So, then, we are left to determine whether the bill as one to set aside the several conveyances for fraud is sufficient against the demurrer directed thereto.
In our treatment of the case in this respect we deal only with the allegation made by the complainant in his bill, and such admissions of fact well pleaded, as the demurrer implies. Of course, the demurrer does not admit to be true mere conclusions of fraud drawn by the pleader, if the facts averred will not justify such conclusions. What the real facts of the case may be remains to be determined upon final hearing, if such a hearing be had.
The circuit court held that the bill, as one to annul and cancel the several conveyances for fraud, was not subject to any grounds of demurrer directed thereto, and upon an examination and consideration of the averments of the bill, we are of the opinion the court below in this respect reached a proper conclusion, and his decree overruling the demurrer to this aspect of the bill should be affirmed.
Fraud is never presumed, and when the validity of a conveyance is brought in question on that ground, the facts relied upon to show the fraud must be averred, and mere deductions or conclusions of the pleader, not supported by a statement of facts showing that a fraud was perpetrated, will not suffice. The burden of allegation and proof of the fraud rests, of course, upon the complaining party. Pollak v. Searcy, 84 Ala. 259, 262, 4 So. 137, 139; Allen v. Overton, 208 Ala. 504, 507, 94 So. 477.
The appellants insist that the bill, in respect to its charges of fraud in the organization of the McDonald Realty Company, in the transfer by the said S. P. McDonald of his property to said corporation, and the pledging of the shares of the stock of said corporation to the Birmingham Trust Savings Company, is not supported by a statement of facts showing that fraud was in fact committed, but rests wholly upon conclusion of the pleader. That the facts averred, apart from the conclusion of the pleader, do not show any fraudulent act on the part of said S. P. McDonald and the Birmingham Trust Savings Company, that every fact averred may exist, and yet they do not support the charge of fraud deduced by the pleader from such stated facts. If this is true, then the bill in this respect would be subject to the respondents' demurrer.
Under the averments of the bill there can be no escape from the conclusion that the respondent S. P. McDonald was on April 4, 1931, indebted to the Birmingham Trust Savings Company; that this institution was anxious to have this indebtedness secured, and, to that end, called upon Mr. McDonald for a mortgage upon all of his property; that the Birmingham Trust Savings Company knew at that time that Mr. McDonald was insolvent; the Birmingham Trust Savings Company was then advised by Mr. McDonald that to execute such a mortgage would lead to an investigation of his affairs, an investigation he was in no financial condition to stand; that it was then arranged that the McDonald Realty Company should be organized; and that Mr. McDonald should convey all of his property to this corporation for no other purpose than to convert this real estate into personal property — corporate stock — to enable Mr. McDonald to transfer this stock to the Birmingham Trust Savings Company, to secure Mr. McDonald's indebtedness to it, and thereby save Mr. McDonald from exposing his financial condition to the world. To this corporation, which was never in fact to function, Mr. McDonald promptly conveyed all his property, of the value of $40,000, in payment of eighteen shares of the stock in said corporation, shares of stock ostensibly worth $100 per share.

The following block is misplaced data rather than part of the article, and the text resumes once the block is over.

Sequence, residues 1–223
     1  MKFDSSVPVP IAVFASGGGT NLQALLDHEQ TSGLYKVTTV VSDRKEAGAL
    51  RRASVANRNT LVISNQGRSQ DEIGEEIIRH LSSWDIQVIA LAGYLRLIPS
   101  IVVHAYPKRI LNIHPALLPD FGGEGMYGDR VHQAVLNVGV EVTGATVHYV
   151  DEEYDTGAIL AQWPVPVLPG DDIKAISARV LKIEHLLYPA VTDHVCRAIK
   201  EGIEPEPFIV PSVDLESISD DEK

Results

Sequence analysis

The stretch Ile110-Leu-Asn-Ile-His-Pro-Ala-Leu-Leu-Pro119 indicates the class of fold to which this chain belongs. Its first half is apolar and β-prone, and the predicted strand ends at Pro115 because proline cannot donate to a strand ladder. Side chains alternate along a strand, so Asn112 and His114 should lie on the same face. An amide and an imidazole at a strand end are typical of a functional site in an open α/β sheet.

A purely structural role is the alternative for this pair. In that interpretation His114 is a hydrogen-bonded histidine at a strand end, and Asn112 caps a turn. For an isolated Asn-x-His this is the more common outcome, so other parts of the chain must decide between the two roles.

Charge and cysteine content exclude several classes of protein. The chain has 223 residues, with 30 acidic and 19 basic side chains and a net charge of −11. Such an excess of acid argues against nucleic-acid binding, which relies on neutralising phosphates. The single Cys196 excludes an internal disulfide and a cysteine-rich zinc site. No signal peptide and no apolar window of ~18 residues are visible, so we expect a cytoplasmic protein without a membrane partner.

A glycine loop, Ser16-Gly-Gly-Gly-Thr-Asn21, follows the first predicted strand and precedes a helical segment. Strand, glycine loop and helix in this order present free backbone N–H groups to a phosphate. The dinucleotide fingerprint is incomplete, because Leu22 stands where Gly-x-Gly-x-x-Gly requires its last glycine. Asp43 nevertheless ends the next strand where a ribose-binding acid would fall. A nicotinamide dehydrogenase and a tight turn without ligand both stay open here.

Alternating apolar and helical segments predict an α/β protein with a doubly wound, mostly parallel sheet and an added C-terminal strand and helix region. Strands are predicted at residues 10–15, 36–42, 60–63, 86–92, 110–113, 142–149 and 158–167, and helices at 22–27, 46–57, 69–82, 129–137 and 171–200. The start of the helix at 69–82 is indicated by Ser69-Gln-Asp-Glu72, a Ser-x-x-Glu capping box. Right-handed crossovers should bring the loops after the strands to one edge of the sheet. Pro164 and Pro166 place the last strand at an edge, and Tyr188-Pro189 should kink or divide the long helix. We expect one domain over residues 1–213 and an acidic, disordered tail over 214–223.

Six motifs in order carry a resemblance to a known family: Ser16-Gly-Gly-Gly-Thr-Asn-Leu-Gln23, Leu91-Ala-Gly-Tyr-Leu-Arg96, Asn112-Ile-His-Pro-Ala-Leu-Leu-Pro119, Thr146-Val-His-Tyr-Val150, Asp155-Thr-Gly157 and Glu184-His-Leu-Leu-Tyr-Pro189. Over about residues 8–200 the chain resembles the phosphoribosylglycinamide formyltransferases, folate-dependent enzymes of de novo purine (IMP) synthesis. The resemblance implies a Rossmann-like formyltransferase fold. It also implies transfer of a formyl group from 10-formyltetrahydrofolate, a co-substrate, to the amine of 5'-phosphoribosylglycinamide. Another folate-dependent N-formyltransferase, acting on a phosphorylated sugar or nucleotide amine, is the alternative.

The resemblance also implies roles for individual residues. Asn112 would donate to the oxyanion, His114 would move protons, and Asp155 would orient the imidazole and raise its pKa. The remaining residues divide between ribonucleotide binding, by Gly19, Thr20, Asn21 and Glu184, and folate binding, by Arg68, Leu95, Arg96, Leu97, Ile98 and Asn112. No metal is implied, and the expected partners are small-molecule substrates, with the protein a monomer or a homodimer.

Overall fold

If the averments of the bill are true, and we must so treat them on demurrer, McDonald Realty Company was a mere "dummy," a sham, and S. P. McDonald was the corporation and the corporation was S. P. McDonald. The McDonald Realty Company had only the image of a corporation, devoid of life. Harris v. First National Bank of Tuscumbia et al., 227 Ala. 86, 149 So. 86; Dixie Coal Min. Mfg. Co. v. Williams, 221 Ala. 331, 128 So. 799.